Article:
"It's not just individual risk behavior. It's probably behavior plus late testing practices," says David J. Malebranche, M.D., M.P.H., assistant professor of medicine at Emory University in Atlanta and an expert on qualitative HIV behavioral prevention. "We see late testing across the Black community, such as in cancer, diabetes, high blood pressure. Plus, the heightened stigma of HIV certainly delays testing."
Experts estimate that African Americans make up 56 percent of all "late testers" -- people who learn of their positive HIV serostatus so far along in their illness that the disease progresses to AIDS within one year of diagnosis. "That means their viral loads are off the charts," Dr. Malebranche adds. The presence of high amounts of HIV in the body makes a person significantly more infectious.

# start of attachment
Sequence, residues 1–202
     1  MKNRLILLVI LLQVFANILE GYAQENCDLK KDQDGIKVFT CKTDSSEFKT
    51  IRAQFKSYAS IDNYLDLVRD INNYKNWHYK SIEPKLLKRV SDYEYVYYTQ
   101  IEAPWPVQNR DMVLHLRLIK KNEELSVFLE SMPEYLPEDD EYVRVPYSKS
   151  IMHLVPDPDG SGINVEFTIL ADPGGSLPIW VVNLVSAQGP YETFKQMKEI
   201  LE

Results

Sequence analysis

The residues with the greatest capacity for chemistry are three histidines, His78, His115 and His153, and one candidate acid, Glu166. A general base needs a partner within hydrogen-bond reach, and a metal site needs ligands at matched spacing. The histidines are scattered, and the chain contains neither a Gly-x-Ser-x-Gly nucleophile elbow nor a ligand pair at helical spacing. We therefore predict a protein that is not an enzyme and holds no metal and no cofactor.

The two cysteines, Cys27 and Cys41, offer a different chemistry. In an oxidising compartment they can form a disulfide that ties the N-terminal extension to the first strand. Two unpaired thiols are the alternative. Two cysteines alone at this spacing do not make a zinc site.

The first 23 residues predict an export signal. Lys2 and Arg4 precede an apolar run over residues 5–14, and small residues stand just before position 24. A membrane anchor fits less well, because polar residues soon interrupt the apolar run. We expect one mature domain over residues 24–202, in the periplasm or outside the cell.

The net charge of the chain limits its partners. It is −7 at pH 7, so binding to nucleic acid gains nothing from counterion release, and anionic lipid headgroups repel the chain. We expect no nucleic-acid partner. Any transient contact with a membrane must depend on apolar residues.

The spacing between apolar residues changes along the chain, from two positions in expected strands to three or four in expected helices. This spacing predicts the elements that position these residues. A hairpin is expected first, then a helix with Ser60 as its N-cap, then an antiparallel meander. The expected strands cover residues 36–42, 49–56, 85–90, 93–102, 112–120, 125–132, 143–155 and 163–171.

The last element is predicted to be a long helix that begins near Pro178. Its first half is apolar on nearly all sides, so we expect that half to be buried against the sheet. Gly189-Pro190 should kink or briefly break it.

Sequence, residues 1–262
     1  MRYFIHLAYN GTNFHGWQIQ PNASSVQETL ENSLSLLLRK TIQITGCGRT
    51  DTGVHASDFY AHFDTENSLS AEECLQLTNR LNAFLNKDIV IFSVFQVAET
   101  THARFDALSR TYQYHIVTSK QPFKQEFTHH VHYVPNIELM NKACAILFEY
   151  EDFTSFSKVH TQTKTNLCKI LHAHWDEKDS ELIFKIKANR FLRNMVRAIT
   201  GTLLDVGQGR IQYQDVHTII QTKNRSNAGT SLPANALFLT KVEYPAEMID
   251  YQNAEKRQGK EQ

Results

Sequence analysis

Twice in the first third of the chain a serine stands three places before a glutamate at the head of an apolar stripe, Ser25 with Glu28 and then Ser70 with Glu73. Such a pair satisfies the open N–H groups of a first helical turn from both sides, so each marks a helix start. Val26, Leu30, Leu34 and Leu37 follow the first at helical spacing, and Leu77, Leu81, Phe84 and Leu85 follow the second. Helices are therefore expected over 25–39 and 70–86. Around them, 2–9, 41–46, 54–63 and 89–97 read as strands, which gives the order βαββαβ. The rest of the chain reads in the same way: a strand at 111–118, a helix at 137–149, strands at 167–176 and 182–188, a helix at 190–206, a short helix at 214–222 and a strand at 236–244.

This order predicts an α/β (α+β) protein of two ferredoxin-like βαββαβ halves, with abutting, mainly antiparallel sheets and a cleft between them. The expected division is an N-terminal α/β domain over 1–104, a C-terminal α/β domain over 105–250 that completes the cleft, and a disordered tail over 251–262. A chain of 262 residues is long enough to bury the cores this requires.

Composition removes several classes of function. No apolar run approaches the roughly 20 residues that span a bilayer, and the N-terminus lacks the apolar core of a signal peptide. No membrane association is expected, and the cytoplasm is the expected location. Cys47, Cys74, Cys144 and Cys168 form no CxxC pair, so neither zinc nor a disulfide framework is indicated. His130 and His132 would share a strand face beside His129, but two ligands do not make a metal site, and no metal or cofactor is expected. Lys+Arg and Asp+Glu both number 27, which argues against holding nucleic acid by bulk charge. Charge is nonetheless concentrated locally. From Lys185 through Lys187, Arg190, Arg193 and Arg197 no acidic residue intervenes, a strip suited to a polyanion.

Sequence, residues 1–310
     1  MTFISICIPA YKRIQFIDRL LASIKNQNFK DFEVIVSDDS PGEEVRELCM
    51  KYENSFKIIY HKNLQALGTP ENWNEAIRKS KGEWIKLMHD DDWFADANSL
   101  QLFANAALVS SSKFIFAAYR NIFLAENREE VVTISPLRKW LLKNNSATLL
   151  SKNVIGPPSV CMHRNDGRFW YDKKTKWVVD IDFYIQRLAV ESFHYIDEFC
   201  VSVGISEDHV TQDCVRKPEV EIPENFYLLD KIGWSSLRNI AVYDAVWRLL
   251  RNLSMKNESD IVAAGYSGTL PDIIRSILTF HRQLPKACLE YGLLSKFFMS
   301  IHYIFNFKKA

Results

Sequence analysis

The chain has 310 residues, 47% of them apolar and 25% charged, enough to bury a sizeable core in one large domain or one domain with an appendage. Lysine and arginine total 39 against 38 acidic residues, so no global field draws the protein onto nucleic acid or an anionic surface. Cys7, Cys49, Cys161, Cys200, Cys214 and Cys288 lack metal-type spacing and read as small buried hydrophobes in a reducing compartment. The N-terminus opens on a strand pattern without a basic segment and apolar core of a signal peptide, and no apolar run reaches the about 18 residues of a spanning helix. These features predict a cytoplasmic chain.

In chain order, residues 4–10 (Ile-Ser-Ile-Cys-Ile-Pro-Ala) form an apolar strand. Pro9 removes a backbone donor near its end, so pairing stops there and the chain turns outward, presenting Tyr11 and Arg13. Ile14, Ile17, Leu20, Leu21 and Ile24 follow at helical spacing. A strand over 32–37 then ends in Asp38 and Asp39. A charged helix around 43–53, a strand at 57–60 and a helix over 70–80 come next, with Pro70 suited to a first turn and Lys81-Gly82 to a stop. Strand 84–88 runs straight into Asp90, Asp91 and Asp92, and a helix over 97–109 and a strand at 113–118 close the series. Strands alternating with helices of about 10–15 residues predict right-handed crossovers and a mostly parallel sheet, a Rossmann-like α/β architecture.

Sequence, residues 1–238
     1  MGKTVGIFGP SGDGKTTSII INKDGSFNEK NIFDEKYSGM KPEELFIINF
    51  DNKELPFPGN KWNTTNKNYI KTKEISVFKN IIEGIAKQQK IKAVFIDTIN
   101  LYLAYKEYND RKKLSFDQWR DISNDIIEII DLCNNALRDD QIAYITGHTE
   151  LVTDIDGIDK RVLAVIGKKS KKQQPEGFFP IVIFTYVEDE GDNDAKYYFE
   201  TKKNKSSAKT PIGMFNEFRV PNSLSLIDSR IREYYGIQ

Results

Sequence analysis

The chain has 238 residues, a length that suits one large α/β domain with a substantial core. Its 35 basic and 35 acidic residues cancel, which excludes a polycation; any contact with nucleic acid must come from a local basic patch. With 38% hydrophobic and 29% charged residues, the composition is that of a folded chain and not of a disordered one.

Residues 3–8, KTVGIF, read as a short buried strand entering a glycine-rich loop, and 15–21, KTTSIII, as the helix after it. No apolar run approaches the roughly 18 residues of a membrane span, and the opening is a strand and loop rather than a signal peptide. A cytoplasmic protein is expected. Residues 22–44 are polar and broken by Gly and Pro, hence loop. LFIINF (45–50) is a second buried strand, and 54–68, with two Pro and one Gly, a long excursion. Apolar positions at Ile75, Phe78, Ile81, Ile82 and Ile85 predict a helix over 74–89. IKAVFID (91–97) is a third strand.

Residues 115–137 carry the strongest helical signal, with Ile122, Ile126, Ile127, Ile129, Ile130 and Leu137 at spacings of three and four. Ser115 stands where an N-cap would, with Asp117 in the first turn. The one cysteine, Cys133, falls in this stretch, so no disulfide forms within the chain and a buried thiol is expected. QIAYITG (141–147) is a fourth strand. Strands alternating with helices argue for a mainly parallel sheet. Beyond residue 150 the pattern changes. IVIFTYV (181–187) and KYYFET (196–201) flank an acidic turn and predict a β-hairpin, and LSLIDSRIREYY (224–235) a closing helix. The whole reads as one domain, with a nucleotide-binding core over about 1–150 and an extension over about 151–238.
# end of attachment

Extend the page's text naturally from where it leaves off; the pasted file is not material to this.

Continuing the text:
Once people become aware of their HIV-positive status, not only are they more likely to take steps such as using condoms to avoid infecting their sexual partners, but research now shows that beginning treatment soon after diagnosis makes people with HIV/AIDS significantly less infectious.
But Black HIV-positive gay and bi men are least likely of all MSM to be aware of their serostatus. Among HIV-positive Black MSM under age 30, 71 percent were previously unaware of their infection. So not only does their own disease progress unimpeded, but they may unknowingly pass HIV to others.
"We also have higher rates of STDs that can lead to higher risk for HIV," says Dr. Malebranche. "We have to look at sexual networks among Black gay men, especially in Black gay enclaves in large urban centers and rural areas. We tend to sexually partner with each other more so than other races." A significant body of research has shown that sexual networks (pdf) can play a critical role in facilitating the spread of STDs, including HIV.